I kept looking for people I knew in the audience and spotted Jean Rohe and Ilusha a bit back of me and they kept disappearing in the crowd Jean saw me too and I was right up front and easy to find and when the show was over she came over and said hi. I didn't see anyone else but I thought I might have spied Caitlin Canty then Craig. Then I heard someone call my name. It was Emily Elbert.. While talking to Emily someone else called my name, it was Laura Dunn and Craig! I did see him. I didn't see Caitlin she wasn't there. Craig is a lot easier to spot than either Emily or Laura. He might be easier to spot than Laura standing on Emily's shoulders. They are both pretty much the definition of petite (not to mention adorable) and he's well, tall. I ended up walking to the train with Laura and Craig. We had a great science fiction talk. I love people that I can run into then get right down to the fun stuff.
So did you notice something about everyone I talked to? They were all musicians or with a musician. Yes I have lots of musician friends but still a majority of my friends are not musicians. So why was that all that was at the show? A few things. First the show was late on a "school night." The music didn't start till 9:00. People with 9 to 5 jobs are going to find that tough. Secondly it was a standing venue which skews the audience younger, and a much great percentage of my younger friends are musicians. Thirdly there is Anaïs 's appeal. As I said you have to invest yourself in her music. That is a recipe for being a musician's musician.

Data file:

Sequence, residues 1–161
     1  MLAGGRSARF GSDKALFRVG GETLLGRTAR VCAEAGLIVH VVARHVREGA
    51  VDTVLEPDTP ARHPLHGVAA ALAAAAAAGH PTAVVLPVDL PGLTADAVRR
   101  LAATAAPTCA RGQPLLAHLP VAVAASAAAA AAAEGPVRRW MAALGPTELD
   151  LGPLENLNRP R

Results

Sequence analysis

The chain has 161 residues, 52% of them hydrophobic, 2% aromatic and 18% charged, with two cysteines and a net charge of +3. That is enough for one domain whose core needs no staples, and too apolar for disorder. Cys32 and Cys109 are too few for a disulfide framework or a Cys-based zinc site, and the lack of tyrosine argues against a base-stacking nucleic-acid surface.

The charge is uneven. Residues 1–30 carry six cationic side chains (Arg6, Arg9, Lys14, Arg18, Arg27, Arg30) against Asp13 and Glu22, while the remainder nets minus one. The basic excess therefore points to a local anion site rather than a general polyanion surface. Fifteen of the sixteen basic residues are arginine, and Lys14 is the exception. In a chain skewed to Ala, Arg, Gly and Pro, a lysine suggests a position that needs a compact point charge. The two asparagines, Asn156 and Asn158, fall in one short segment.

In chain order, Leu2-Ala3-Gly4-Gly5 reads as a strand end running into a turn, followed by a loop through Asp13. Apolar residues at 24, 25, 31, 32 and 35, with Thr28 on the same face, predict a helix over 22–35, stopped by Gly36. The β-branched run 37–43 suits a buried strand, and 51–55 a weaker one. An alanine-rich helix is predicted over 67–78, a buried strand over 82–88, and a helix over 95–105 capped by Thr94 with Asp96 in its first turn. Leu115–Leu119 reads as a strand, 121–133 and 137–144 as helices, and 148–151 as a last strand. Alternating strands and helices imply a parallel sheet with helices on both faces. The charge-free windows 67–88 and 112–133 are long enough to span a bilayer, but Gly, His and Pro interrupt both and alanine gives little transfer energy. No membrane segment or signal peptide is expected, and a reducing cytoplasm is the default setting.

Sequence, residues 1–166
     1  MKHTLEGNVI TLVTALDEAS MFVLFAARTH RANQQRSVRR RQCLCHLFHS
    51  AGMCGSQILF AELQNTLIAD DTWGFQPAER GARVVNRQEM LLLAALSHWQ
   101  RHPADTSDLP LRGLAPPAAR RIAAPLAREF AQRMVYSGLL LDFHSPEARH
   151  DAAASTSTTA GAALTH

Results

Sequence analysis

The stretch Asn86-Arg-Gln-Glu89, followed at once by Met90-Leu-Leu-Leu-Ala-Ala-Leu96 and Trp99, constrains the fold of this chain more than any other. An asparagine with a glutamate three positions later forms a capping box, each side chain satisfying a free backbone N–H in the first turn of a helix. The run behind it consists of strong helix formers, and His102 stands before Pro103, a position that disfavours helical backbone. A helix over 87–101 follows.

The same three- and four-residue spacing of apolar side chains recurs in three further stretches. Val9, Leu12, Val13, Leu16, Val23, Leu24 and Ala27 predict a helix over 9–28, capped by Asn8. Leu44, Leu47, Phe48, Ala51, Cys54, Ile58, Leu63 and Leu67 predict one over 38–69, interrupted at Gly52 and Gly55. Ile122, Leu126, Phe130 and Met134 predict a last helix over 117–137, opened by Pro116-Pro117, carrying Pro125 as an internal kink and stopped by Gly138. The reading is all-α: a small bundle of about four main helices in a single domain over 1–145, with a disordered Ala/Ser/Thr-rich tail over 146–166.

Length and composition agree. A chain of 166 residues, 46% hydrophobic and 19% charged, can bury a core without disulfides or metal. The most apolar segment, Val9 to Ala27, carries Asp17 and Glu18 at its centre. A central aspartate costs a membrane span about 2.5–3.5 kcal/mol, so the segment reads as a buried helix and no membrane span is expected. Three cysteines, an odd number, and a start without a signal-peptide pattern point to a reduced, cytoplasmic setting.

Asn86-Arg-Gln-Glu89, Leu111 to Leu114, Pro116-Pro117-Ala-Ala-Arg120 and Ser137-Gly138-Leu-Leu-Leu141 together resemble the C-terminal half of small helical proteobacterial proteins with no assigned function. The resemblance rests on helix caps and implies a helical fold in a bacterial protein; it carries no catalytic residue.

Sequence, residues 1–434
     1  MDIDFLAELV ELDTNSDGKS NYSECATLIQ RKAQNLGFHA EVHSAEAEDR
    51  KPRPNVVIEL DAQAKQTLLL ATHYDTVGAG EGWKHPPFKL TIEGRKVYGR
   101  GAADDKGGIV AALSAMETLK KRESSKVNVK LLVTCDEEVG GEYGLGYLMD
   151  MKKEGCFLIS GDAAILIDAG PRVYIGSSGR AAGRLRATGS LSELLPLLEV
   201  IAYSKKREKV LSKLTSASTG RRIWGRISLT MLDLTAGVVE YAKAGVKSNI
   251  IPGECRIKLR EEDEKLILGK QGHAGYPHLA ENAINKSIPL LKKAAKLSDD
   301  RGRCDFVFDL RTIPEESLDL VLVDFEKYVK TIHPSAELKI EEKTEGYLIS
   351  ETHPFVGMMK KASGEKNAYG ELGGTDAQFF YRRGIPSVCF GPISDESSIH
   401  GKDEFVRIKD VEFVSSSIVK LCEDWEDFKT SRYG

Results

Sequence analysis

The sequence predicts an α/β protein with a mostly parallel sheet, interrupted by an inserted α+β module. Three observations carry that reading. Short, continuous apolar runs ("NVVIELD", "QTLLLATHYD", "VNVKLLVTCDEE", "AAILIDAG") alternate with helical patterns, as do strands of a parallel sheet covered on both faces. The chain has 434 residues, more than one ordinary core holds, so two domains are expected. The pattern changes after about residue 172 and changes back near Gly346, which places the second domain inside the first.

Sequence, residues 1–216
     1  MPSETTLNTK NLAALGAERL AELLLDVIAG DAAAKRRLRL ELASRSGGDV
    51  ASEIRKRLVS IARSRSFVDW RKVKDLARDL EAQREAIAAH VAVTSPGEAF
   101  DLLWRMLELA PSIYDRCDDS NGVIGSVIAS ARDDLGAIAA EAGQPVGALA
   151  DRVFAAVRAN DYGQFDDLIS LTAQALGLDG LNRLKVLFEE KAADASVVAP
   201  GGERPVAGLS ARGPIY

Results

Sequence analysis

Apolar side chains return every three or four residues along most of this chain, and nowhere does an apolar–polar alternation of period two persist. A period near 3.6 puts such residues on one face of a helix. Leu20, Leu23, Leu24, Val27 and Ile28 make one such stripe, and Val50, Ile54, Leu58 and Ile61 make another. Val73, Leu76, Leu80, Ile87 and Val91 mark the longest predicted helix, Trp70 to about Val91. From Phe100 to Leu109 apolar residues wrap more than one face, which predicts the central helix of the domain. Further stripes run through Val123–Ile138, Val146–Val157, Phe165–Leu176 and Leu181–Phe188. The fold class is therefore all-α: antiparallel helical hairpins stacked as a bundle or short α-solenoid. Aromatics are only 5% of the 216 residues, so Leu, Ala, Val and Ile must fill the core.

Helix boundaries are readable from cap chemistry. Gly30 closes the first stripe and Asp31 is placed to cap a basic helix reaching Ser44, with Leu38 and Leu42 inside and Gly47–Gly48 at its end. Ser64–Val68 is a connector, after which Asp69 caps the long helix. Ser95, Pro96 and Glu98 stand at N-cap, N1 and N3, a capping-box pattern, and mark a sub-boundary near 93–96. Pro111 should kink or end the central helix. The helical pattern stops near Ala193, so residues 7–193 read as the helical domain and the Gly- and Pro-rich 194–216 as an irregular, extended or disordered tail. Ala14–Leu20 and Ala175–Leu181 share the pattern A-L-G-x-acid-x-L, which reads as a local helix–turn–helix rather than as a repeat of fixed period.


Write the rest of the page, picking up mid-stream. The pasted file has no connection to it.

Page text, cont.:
The only disappointment all night was that I didn't get a chance to talk to Anaïs. That's always a problem when musicians you know from small venues start making it bigger. You lose the intimacy.
I seem to have skipped part of what I planned on writing because I can't figure out how to work it in. At the time it seemed so natural. Oh well. Maybe next time I see Anaïs I can use it. She's working on getting Hadestown produced as an opera in New York. She's been working on that since I met her exactly six years ago today. Here's what I had to say then, Antje and Anaïs. Wow I did a lousy job writing about her. You'd never guess that she was going to become one of my touchstone artists.
Oh I actually have some pictures that I took with my phone. They out very weird, like Warhols. I don't know why but people seem to like them when I posted them on Facebook.
I've written 1771 words and feel that I haven't written enough. Anaïs deserves more but it will have to do.
I signed the Pro-Truth Pledge:
please hold me accountable.
Lloyds of Liechtenstein - December 03, 2017